1,4-Dioxane and Our Health
What is 1,4-dioxane?
Often, it i s refer red to as just “dioxane.” 1,4-dioxane is a human-made organic (contains carbon) chemical. it i s a colorless, flammable liquid with a mild sweet odor. 1,4-dioxane dissolves in water at all concentrations.
1,4-dioxane is a:
- Solvent - a liquid that can dissolve oily and greasy substances. 1,4-dioxane is employed in surface finishing processes.
- Stabilizer for other solvents - prevents other solvents from breaking down. 1,4-dioxane is utilized primarily as a stabilizer for chlorinated solvents like 1,1,1- trichloroethane or TCA. About 90% of the 1,4-dioxane produced is used to stabilize chlorinated solvents.
- By-product - produced during the manufacturing process.
- Ingredient - can be present in food packaging material, food additives, varnishes, waxes, plastics, antifreeze, cosmetics, detergents, shampoos, and pesticides.
How does 1,4-dioxane enter our environment?
1,4-dioxane can be released into the air, water, and soil. It can evaporate like water; it can be present as a liquid or as a vapor in the air. 1,4-dioxane can readily move through soil to contaminate groundwater. When mixed with water, 1,4-dioxane does not readily break down or degrade.
How does 1,4-dioxane affect our health?
Whether 1,4-dioxane can make someone ill, depends on:
- Dose - how much you are exposed
- Duration - how long are you exposed
- Exposure route - drinking/eating (ingestion), breathing (inhalation), or skin contact (dermal contact)
- Genetics - family traits
- Individual characteristics - age, general health, and lifestyle
1,4- Dioxane exposure occurs by absorption through the skin, the lungs, and the intestines. The following are possible effects based on exposure duration:
- Acute (short-term) – dizziness, drowsiness, headaches, and irritation of the eyes, nose throat, skin, and lungs.
- Chronic (long-term) – damage to the liver and kidneys, development of tumors, and liver and nasal cancer.
Studies in animals have shown that 1,4-dioxane exposure mainly affects the liver and kidneys. However, the levels of 1,4-dioxane used in studies with experimental animals are much higher than the levels the general public might be exposed to commonly (includes exposure via consumer products, food, or environmental sources). Few studies are available that provide information about the effects of 1,4-dioxane in humans. Deaths have been reported due to severe accidental exposure to high concentrations of 1,4-dioxane vapors in occupational settings.
How can I reduce 1,4-dioxane exposure in my home?
Reduce skin exposure - To avoid skin contact with 1,4-dioxane, choose cosmetic, detergent, and shampoo products that do not contain: PEG, polyethylene, polyethylene glycol, or polyoxyethylene. Contact with contaminated water via bathing or showering is another potential route of exposure.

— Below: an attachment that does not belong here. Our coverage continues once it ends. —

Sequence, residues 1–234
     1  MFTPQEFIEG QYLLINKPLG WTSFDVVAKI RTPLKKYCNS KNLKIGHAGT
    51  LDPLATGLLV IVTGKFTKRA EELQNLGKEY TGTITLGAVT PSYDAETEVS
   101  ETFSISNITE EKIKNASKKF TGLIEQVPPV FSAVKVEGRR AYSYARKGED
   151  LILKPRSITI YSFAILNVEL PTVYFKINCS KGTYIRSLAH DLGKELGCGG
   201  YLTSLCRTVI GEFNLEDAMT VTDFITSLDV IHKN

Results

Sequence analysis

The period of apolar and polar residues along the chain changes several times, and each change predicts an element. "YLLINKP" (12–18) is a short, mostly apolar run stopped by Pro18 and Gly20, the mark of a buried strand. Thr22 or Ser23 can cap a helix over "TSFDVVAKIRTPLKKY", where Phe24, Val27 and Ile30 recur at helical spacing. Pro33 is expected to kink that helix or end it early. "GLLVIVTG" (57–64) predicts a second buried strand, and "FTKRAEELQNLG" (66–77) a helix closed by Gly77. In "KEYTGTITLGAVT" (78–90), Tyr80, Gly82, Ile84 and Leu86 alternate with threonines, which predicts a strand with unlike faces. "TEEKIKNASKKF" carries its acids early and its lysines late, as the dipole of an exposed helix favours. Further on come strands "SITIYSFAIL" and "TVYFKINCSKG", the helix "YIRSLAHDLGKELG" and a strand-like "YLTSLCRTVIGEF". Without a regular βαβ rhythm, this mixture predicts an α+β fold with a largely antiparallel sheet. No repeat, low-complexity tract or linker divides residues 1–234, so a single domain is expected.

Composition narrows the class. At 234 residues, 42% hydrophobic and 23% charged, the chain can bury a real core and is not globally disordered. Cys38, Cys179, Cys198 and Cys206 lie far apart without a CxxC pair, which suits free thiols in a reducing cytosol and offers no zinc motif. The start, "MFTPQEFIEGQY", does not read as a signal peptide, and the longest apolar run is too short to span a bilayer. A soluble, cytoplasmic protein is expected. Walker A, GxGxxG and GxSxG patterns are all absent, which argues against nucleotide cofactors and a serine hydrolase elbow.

Reducing ingestion and inhalation exposure – Food may contain 1,4-dioxane due to pesticides or packaging. When tap water is contaminated with this chemical, drinking water or inhaling vapors during bathing or showering, are also routes of exposure. The only way to know if your drinking water contains 1,4-dioxane is to contact your local water provider and/or have your water tested. If you own a private water well, you can take a sample to a state certified laboratory. In Arizona call 602-364-0728 for a list of state certified laboratories.
There are technologies available that can treat 1,4-dioxane in water. These can be used to treat contaminated groundwater, surface water, and industrial and municipal waste waters. The two primary treatment methods are:
- Advance Oxidation Processes – This treatment system uses hydrogen peroxide with ultraviolet light or ozone to destroy 1,4-dioxane.
- Ex-Situ Bioremediation – Uses bacteria that degrade 1,4-dioxane into less toxic components.
What are the government policies concerning 1,4-dioxane?
Due to the occurrence of cancer in animal studies, the International Agency for Research on Cancer, US Environmental Protection Agency, and US Department of Health and Human Services have determined that 1,4-dioxane may cause cancer in humans. 1,4-dioxane is considered an “emerging contaminant” or in other words, it is potentially a threat to humans and environmental health. Currently, there is no federal drinking water standard for 1,4-dioxane. However, some states such as Maine and Michigan have established their own enforceable drinking water standards. The US Occupational Safety and Health Administration has established a workplace airborne exposure limit for 1,4-dioxane of 100 parts per million (ppm) for an 8-hour workday, 40 hours per week.
The US Environmental Protection Agency (US EPA) has created a health advisory level regarding 1,4-dioxane. This advisory is a recommendation but cannot be enforced by the law. It is available at:
The US EPA conducted a review of the information regarding 1,4-dioxane and approved a toxicity reassessment suggesting it is more probable to cause cancer than previously thought. The new health advisory level for 1,4-dioxane in drinking water is 0.35 parts per billion (ppb). The US EPA uses 0.35 ppb to determine the degree of clean-up when there are no current drinking water standards.
One part per billion (ppb) is equal to one pinch of salt in a 10-ton bag of potato chips.
Want to learn more about 1,4- dioxane?
- Agency for Toxic Substances and Disease Registry:
- US Environmental Protection Agency:
- National Institute of Environmental Health Sciences:
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